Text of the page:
where lan is my Connection-specific DNS Suffix (yours may differ, in which case you should replace it in the command line above).

2
  • 1
    .bash_aliases should be used for...alias, not export variables And you're launching a command on windows from wsl2 to get the output of ipconfig, pass it to 2 grep, one head and one awk... and every time you open a shell. The pwsh.exe alone on my laptop takes 1.125s to run! – ThoSil Nov 20 '20 at 16:02
  • Sadly, this doesn't work for me for two reasons. There is no pwsh.exe on my system. I assume that you meant powershell.exe or have some alias on your Windows system. The output when using powershell.exe ends up being the following on my system: :02.168.0.5. That of course won't work as that is only part of the address and the string order is flipped for some reason. – D. Charles Pyle Jan 5 at 10:19
0

I found there is a official document fro Ubuntu which is comprehensive for your reference. As we know, this tip will work on Debian/WSL2 as well. https://wiki.ubuntu.com/WSL

Thanks for Kennyhyun and other people's shares. All of them are some how or some way works on my computer to enable X11 server on WSL2 hosted on Windows10. Since the WSL2 is as a VM not longer be the same infrastructure as WSL1 anymore. It did take me some time to go through it.

0

I found a solution that worked for me, following: Set Graphics on WSL2

1.      Start ssh service
1.1.   Open WSL
1.2.   Type: sudo service ssh start
2.      Get Windows (WSL net) IP
2.1.   Open Powershell
2.2.   Type: (ipconfig | Select-String -Pattern 'WSL' -Context 1, 5).Context.PostContext | Select-String -Pattern 'IPv4'
2.3.   Get the received IP
3.      Set environment variable
3.1.   In WSL2 terminal type: export DISPLAY=172.23.64.1:0.0 with the IP of the windows entity (2.3) instead of the place holder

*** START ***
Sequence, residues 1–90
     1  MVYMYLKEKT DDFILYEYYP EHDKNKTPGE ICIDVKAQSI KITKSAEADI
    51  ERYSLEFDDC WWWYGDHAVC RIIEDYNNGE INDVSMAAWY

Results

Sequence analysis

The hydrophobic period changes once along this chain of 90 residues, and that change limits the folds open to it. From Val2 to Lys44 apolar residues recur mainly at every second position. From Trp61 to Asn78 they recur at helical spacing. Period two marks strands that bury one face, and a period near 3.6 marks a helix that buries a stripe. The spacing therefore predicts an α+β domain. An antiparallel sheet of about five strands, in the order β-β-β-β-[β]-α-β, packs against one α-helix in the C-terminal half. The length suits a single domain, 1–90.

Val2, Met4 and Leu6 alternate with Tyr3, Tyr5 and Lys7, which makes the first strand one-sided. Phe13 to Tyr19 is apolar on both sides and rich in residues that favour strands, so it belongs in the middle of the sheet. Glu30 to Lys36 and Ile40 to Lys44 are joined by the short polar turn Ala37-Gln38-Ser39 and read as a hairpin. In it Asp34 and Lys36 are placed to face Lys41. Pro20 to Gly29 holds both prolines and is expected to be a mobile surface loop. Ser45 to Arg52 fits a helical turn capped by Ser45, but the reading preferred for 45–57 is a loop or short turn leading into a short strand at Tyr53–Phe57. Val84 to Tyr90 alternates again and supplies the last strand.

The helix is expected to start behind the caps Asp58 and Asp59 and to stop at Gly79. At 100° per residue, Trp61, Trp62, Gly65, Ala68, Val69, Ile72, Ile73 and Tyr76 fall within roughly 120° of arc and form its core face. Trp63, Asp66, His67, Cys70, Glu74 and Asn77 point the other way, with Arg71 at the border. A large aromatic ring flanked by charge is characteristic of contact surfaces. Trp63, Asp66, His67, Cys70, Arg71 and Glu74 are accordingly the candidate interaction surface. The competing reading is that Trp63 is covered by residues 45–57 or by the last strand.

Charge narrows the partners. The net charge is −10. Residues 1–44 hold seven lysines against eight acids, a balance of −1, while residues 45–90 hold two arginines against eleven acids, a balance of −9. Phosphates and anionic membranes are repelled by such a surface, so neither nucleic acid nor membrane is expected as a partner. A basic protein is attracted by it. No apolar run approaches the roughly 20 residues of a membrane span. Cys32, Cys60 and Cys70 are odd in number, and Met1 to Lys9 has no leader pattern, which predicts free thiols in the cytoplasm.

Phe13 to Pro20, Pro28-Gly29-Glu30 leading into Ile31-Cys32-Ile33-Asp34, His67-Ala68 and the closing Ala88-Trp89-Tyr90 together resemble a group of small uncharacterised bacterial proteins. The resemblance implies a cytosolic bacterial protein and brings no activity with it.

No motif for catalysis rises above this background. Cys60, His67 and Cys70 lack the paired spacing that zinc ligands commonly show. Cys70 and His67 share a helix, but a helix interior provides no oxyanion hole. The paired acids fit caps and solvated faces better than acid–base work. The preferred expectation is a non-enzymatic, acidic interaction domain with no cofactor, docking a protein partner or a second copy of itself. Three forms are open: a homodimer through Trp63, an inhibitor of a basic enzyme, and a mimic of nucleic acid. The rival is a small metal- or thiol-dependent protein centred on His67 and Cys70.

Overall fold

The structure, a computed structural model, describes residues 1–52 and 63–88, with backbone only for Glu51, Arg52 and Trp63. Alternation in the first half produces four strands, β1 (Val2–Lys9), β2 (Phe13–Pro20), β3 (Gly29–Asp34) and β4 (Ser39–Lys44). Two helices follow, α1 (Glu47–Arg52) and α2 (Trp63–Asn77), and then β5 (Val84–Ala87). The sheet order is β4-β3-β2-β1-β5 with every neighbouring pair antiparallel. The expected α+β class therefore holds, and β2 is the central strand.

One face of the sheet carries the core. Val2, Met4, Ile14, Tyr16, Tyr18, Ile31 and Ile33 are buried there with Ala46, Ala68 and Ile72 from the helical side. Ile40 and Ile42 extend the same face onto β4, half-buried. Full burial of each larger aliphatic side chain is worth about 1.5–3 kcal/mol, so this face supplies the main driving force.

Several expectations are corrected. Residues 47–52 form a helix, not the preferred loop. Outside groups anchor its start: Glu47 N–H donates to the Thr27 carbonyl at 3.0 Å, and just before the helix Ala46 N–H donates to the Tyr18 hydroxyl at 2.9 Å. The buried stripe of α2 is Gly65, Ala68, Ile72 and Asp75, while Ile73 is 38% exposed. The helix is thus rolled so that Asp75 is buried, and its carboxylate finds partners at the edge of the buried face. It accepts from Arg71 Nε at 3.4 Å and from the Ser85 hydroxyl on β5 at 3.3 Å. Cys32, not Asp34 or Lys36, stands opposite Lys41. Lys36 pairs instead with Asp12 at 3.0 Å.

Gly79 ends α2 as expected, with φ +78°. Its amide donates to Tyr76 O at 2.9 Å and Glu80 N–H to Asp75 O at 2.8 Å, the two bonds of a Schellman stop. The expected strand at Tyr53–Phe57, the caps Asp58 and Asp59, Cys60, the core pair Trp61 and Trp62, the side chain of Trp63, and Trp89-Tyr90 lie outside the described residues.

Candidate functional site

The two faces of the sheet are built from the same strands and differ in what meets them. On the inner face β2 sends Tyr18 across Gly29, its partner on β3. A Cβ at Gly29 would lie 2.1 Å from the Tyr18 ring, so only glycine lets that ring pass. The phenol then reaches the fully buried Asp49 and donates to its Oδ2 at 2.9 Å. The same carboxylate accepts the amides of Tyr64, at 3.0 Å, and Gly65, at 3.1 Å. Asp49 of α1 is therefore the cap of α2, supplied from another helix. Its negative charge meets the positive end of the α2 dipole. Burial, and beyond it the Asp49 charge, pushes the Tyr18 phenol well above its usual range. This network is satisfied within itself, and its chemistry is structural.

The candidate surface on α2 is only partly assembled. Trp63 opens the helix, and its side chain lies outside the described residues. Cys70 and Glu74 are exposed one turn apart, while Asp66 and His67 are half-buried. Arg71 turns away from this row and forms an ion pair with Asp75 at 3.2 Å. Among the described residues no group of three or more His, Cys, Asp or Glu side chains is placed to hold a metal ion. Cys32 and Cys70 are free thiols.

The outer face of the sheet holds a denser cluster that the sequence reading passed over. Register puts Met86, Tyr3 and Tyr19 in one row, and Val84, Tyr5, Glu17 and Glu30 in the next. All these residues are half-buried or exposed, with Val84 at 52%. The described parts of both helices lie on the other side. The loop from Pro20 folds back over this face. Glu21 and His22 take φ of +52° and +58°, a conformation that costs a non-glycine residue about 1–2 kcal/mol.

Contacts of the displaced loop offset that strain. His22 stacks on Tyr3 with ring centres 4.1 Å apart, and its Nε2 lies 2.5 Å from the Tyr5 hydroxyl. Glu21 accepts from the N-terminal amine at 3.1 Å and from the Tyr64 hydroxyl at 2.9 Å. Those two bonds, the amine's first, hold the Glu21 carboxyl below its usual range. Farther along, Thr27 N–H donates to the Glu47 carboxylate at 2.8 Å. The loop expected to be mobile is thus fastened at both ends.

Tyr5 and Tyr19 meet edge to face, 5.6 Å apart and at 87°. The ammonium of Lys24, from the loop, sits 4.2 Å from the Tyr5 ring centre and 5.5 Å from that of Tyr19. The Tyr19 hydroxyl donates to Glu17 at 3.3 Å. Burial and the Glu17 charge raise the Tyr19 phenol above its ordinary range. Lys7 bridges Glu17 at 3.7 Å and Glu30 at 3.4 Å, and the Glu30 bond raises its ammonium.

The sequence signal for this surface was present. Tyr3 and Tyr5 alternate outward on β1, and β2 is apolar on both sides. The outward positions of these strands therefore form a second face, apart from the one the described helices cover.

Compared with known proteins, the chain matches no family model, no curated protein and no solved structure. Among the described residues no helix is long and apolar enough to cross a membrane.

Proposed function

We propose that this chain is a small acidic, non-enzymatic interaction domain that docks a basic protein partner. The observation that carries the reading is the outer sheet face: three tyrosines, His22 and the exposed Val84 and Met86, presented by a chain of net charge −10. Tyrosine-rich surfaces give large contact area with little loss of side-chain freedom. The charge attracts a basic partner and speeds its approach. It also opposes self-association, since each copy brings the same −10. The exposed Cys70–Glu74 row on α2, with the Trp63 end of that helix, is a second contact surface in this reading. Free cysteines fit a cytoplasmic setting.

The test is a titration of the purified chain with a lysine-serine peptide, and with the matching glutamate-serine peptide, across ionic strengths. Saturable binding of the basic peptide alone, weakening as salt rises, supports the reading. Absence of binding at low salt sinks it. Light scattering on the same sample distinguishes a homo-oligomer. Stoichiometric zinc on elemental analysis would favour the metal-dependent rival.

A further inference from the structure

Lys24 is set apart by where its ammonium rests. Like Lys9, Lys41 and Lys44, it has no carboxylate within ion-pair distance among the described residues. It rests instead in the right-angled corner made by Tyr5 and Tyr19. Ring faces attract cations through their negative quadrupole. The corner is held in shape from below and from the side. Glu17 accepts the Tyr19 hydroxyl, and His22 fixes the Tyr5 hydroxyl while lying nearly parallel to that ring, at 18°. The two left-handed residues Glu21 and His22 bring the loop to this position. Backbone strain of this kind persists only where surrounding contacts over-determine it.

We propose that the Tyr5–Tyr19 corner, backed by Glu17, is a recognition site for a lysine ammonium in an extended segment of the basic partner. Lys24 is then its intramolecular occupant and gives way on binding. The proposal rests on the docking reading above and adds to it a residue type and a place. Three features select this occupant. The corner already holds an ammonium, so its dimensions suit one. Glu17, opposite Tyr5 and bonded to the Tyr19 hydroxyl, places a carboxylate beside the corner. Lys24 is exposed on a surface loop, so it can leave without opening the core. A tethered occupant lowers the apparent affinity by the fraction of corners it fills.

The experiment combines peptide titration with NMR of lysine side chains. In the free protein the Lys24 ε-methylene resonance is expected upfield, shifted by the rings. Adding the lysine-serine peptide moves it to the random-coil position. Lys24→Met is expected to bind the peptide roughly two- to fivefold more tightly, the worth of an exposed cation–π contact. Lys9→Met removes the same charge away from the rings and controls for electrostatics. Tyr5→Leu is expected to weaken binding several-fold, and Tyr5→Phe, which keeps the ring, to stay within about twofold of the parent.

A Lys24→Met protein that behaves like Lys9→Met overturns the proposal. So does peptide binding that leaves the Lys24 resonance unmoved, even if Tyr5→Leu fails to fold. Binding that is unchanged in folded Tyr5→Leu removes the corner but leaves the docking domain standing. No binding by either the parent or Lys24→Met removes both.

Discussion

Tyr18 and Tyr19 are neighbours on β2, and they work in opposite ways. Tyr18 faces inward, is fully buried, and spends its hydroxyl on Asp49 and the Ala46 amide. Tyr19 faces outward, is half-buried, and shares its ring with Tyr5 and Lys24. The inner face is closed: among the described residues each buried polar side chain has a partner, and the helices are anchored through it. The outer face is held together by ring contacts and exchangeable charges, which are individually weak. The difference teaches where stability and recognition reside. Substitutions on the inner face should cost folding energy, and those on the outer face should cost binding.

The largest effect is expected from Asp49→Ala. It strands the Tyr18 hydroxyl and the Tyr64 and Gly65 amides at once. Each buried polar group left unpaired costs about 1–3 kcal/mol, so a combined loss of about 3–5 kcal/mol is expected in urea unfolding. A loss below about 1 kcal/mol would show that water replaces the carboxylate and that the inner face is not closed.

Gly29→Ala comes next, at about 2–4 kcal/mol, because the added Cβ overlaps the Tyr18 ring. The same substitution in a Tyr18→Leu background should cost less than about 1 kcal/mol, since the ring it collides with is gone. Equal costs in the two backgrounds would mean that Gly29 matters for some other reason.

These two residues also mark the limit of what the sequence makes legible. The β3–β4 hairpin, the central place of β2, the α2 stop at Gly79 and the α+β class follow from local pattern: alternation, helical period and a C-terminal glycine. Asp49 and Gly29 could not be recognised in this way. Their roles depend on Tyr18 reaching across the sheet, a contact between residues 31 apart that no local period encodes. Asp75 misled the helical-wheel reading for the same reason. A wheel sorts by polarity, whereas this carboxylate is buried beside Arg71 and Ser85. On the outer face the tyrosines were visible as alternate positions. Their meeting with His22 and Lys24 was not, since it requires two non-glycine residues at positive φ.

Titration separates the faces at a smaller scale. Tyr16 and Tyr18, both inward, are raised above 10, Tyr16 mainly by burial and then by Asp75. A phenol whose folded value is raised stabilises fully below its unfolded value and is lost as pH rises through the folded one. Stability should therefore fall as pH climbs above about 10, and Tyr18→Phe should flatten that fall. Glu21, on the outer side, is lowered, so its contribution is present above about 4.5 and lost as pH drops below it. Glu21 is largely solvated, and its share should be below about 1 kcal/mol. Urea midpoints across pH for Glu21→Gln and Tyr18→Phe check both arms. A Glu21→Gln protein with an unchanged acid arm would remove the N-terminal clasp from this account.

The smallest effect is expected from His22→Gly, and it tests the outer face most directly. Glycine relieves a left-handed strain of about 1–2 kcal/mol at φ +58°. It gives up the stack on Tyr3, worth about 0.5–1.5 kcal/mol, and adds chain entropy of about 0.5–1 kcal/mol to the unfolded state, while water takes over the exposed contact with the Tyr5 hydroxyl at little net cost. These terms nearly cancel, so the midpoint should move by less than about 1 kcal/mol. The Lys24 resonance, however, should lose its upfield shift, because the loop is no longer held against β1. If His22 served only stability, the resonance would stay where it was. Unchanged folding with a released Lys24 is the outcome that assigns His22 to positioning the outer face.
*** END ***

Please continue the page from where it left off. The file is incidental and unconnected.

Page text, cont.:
4.      Launch Xming
4.1.   Open Xlaunch and go with the defaults In Specify parameter settings: Check No Access Control
5.      Good luck!

Following link: https://docs.google.com/document/d/1ao3vjbC3lCDc9kvybOT5PbuGhC4_k4g8LCjxX23VX7E

0

Here are two articles I wrote that walks through setting up x11 for different types of use cases:

  1. Install a Program With a Graphical User Interface in WSL2: This article walks through installing vcxsrv, adding the environment variables to the bashrc configuration file, and programmatically scheduling vcxsrv to launch with command-line parameters at startup. It also covers installing and launching Firefox as a standalone program in WSL2.
  2. Install Ubuntu Desktop with a Graphical User Interface in WSL2 This article walks through installing vcxsrv, dotNet, genie, and the Ubuntu desktop. It covers creating the scripts that exports the environment variables, launches vcxsrv, starts the gnome desktop environment, and creates the shortcut that ties them all together. It also covers running the Ubuntu desktop, preventing a screen lock bug, and installing the Snap Store.
1
  • 1
    Fixed, thanks @HectorJ – TheAltruist Dec 18 '20 at 23:19
0

My mistake was that I took the nameserver of my linux wsl2 instance while my xserver runs on windows. So the DISPLAY variable had to be set to my windows ipv4 address. Just type ipconfig in powershell or cmd and use the ipv4 ethernet address.

-1

The following workaround works for me:

Set-NetFirewallProfile -Name $(Get-NetConnectionProfile).NetworkCategory -DisabledInterfaceAliases $(Get-NetAdapter | Where-Object Name -like 'WSL').Name

1
  • 1
    What you are doing is entirely disabling the firewall for the wsl network adapter. This is a security risk and should be avoided. – whme Oct 6 '20 at 17:40

Not the answer you're looking for? Browse other questions tagged or ask your own question.